The weather has turned unexpectedly warm again, after a couple of severe frosts. We still have the Syrah and Viognier to harvest, both at least a week off vintage. Saturday was Anzac Day, so it was out of bed at 5am and off to the Dawn Parade and Service at the Square in Martinborough. A large turnout of locals, but a dwindling number of returned service men and women. Mum was one of them, wearing her medals. It always amuses me when people patronisingly ask her whose medals she is wearing. Of course, they are her own. She was in the Air Force, a volunteer at the age of 18 in 1939 after she and Dad were married on final leave and Dad went overseas in the First Echelon. She trained and later repaired instruments for aircraft. Naturally, being a young girl, she was given all sorts of “hilarious” tasks by the men on the base, like being sent to the far end of the air force base and ordered to bring back a tin a striped paint. Ho, ho, ho. I often watch these oldies marching in the Dawn Parade and think some Sergeant Major should be assigned to their daily lives, because they march along so upright, despite their advanced years, and automatically stand to attention, at ease, right turn, quick march, then when they fall out for a cup of tea with rum they totter away with their sticks and revert to their doddery pace again.
We spent the weekend cleaning up after the Pinot Noir and Pinot Gris vintage. Colin mended all the wooden picking bins, gave away all the unwanted nets to Roger from Stonecutter Vineyard, fetched a trailer-load of mulch for my garden, a trailer-load of firewood and – da-da – gave me my first driving lesson on the Kubota tractor so I can drive it down the Viognier rows towing the narrow trailer while he picks the grapes. It’s more fun than you can poke a stick at.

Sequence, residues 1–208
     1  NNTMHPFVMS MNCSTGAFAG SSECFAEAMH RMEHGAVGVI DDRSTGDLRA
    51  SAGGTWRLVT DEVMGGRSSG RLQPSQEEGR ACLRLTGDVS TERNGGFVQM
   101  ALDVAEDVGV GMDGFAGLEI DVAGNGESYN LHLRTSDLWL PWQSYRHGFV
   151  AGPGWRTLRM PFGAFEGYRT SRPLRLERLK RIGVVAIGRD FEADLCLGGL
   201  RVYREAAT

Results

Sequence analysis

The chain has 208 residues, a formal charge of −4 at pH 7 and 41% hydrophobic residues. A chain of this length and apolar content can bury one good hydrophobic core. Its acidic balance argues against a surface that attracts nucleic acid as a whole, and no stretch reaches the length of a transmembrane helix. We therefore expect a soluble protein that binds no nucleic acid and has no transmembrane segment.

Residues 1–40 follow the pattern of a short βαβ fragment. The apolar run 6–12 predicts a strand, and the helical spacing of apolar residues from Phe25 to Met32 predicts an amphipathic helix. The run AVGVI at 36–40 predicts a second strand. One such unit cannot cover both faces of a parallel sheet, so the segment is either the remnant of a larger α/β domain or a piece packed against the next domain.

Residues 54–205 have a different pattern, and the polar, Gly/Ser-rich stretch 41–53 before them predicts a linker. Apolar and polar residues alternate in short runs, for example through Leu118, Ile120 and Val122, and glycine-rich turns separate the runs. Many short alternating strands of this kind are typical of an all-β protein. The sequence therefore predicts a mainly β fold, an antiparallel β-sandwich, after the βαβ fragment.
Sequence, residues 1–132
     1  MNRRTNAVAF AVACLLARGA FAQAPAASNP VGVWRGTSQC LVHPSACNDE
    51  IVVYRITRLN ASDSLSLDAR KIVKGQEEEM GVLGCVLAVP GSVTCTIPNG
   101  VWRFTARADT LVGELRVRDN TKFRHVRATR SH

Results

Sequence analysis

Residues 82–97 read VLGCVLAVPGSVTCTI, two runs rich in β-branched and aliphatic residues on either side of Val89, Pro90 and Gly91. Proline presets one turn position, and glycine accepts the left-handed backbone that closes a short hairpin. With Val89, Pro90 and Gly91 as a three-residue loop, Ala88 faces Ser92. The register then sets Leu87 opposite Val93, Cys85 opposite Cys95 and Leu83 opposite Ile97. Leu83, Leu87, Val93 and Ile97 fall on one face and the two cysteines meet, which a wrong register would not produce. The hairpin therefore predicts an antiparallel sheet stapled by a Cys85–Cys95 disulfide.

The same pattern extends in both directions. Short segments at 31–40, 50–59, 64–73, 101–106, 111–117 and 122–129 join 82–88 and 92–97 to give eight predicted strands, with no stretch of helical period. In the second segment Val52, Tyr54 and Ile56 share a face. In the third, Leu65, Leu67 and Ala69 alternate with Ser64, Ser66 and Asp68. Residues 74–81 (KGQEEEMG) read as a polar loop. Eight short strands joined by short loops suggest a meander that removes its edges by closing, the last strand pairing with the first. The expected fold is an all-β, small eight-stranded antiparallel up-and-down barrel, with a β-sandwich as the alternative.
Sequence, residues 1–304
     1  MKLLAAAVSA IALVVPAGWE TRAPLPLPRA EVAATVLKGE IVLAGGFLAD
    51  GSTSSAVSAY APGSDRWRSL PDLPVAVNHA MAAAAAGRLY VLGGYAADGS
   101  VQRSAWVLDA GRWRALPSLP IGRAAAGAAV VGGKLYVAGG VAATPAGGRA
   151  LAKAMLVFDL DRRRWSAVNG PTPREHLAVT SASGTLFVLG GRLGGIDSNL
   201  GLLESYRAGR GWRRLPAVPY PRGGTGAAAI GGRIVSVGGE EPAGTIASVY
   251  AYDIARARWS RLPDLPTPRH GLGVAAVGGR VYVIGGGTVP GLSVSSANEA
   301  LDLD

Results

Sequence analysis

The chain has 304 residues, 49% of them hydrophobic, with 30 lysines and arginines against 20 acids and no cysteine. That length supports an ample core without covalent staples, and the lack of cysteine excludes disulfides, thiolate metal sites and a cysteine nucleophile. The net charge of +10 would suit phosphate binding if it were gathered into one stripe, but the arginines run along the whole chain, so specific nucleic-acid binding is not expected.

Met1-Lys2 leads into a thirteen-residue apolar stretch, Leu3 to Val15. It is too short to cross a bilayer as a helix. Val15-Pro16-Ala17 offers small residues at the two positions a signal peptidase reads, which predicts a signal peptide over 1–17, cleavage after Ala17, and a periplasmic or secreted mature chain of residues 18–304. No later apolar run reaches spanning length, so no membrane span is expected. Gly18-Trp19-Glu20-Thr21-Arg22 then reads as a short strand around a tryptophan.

He also set up the winery, ready for us to make the Syrah and Viognier. We’re almost ready, just waiting to get my wagon back from Myles at the car doctor with the towbar so we can collect our platform from Featherston, and our plunging tools from Waugh engineering. It’s looking pretty good.
I planted several rows of broad beans, cleaned up the vege garden, picked our first leek (a beauty), and lifted, divided and transplanted some perennials. The garden’s still looking pretty good, and these balmy autumn days are so full of joy. I love the delights you can get out of a garden beginning to put itself to bed for the winter, yet not being able to resist a few last bursts of glory, like this first flower from the Janice Campbell rose I recently bought from Trinity Roses (I’ve just ordered 12 more roses from this great Old Roses specialist):
Some California Poppy flowers I raised from seeds given to us on our honeymoon when we stayed at the Post Ranch Inn at Big Sur, high above the Pacific Ocean in California. A fabulously luxurious eco-lodge where you see giant condors, and whales migrating far below your cosy cabin. I know what you’re thinking, but I didn’t smuggle these seeds in, I declared them and they were fine:
And this is a shot looking back over the pavers with all the herbs I planted, and coastal plants I got from Andy & Anna’s place at Riversdale which are just so happy here in the wind:
I also photographed some little delights, like this spider hole:
And a mouse hole under the clothes line over which Kete keeps vigil, hoping a silly field mouse will pop its head out:
But now the whole country is running around like Chicken Licken thinking the sky is a-falling because of Swine ‘flu’. It’s Sars, Bird ‘flu’, all over again. I just hope it doesn’t spread to the swine, and I have to kill Bratwurst and Crackling because some silly kids went to Mexico on a school trip!